Underwood, 487 U.S. 552, 565 (1988).
respect to questions of fact, the role of the Court is to
review the record as a whole to determine whether it contains
evidence that would allow a reasonable mind to accept the
conclusions of the ALJ. Richardson, 402 U.S. at 401;
see also Ludwig, 681 F.3d at 1051. The ALJ is
responsible for determining credibility, resolving conflicts
in medical testimony, and resolving ambiguities.
Treichler, 775 F.3d at 1098. Where the evidence is
susceptible to more than one rational interpretation, the
reviewing court must uphold the ALJ's findings if they
are supported by inferences reasonably drawn from the record.
Ludwig, 681 F.3d at 1051. In such cases, the
reviewing court may not substitute its judgment or
interpretation of the record for that of the ALJ. Batson
v. Comm'r of Social Sec., 359 F.3d 1190, 1196 (9th
respect to questions of law, the ALJ's decision must be
based on proper legal standards and will be reversed for
legal error. Zavalin v. Colvin, 778 F.3d 842, 845
(9th Cir. 2015); Treichler, 775 F.3d at 1098.
Considerable weight must be given to the ALJ's
construction of the Social Security Act. See Vernoff v.
Astrue, 568 F.3d 1102, 1105 (9th Cir. 2009). However,
reviewing federal courts “will not rubber-stamp an
administrative decision that is inconsistent with the
statutory mandate or that frustrates the congressional
purpose underlying the statute.” Smith v.
Heckler, 820 F.2d 1093, 1094 (9th Cir. 1987).
evaluating the evidence presented at an administrative
hearing, the ALJ must follow a sequential process in
determining whether a person is disabled in general (20
C.F.R. §§ 404.1520, 416.920) - or continues to be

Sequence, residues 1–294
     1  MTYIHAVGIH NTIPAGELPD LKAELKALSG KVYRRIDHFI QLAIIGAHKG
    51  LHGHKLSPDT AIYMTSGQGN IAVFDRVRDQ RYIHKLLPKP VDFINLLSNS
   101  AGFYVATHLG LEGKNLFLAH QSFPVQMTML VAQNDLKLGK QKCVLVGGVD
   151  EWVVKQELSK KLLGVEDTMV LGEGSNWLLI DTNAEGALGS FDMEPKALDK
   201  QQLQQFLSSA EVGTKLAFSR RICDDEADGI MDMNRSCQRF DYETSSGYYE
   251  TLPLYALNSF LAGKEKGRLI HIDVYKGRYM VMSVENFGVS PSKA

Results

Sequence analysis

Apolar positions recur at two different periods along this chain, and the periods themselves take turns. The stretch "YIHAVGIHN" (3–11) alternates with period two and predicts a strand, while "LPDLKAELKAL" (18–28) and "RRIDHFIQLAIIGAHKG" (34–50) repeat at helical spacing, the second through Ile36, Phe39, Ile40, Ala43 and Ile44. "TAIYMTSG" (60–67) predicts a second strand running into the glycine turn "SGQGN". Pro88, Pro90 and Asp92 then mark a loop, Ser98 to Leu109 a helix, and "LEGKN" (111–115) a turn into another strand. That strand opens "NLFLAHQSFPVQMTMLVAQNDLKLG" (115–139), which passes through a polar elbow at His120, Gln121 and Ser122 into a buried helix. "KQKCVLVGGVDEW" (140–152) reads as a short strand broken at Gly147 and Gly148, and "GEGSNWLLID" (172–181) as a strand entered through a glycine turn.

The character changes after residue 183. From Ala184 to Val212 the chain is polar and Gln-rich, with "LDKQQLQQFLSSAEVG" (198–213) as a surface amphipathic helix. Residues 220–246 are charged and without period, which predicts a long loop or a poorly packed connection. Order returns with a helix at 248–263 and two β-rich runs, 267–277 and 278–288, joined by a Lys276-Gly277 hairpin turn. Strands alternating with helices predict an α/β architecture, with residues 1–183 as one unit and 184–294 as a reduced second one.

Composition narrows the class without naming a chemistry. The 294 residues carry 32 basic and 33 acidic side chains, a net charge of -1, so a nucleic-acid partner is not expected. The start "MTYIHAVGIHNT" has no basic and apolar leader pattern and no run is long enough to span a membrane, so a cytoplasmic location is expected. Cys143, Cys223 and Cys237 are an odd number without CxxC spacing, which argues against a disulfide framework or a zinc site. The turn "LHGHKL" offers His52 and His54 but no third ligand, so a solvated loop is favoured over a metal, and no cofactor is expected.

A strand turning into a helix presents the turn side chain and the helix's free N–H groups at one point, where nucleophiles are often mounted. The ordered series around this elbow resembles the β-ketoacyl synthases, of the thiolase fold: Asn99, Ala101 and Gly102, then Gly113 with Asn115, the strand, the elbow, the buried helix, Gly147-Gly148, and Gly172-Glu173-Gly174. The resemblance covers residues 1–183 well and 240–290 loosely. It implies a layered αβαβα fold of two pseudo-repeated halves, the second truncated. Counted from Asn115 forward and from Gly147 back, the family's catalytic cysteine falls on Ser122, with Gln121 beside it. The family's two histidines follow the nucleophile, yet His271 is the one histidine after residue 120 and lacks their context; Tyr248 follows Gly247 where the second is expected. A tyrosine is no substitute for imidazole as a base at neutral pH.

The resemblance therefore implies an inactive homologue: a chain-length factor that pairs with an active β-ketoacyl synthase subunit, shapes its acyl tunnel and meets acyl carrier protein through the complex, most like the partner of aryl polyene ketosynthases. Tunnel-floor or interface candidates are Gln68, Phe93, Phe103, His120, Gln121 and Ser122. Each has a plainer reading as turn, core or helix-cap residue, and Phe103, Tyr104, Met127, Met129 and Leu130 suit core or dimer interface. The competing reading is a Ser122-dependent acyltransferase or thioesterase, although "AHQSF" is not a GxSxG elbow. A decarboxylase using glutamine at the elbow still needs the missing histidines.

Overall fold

disabled (20 C.F.R. §§ 404.1594, 416.994) - within
the meaning of the Social Security Act.
first step requires the ALJ to determine whether the claimant
is engaged in substantial gainful activity
(“SGA”). 20 C.F.R. §§
404.1520(a)(4)(i), 416.920(a)(4)(i). SGA is work activity
that is both substantial and gainful. 20 C.F.R. §§
404.1572, 416.972. “Substantial work activity” is
work activity that involves doing significant physical or
mental activities. 20 C.F.R. §§ 404.1572(a),
416.972(a). “Gainful work activity” is work that
is usually done for pay or profit, whether or not a profit is
realized. 20 C.F.R. §§ 404.1572(b), 416.972(b). If
the claimant is engaged in SGA, disability benefits are
denied regardless of her medical condition, age, education,
and work experience. 20 C.F.R. §§ 404.1520(b),
416.920(b). If the claimant is not engaged in SGA, the
analysis proceeds to the second step. Here, the ALJ found
that Petitioner has not engaged in substantial gainful
activity since March 14, 2012, the alleged onset date. (AR
second step requires the ALJ to determine whether the
claimant has a medically determinable impairment, or
combination of impairments, that is severe and meets the
duration requirement. 20 C.F.R. §§
404.1520(a)(4)(ii), 416.920(a)(4)(ii). An impairment or
combination of impairments is “severe” within the
meaning of the Social Security Act if it significantly limits
an individual's physical or mental ability to perform
basic work activities. 20 C.F.R. §§ 404.1520(c),
416.920(c). An impairment or combination of impairments is
“not severe” when medical and other evidence
establishes only a slight abnormality or a combination of
slight abnormalities that cause no more than minimal
limitation on an individual's ability to work. SSR 96-3p,
1996 WL 374181 (July 2, 1996); see also 20 C.F.R.
§§ 404.1521, 416.921. If the claimant does not have
a severe medically determinable impairment or combination of
impairments, disability benefits are denied. 20 C.F.R.
§§ 404.1520(c), 416.920(c). Here, the ALJ found
that Petitioner has the following severe impairments:
“spina bifida occulta defect; degenerative disc
disease; and obesity.” (AR 12.)
third step requires the ALJ to determine the medical severity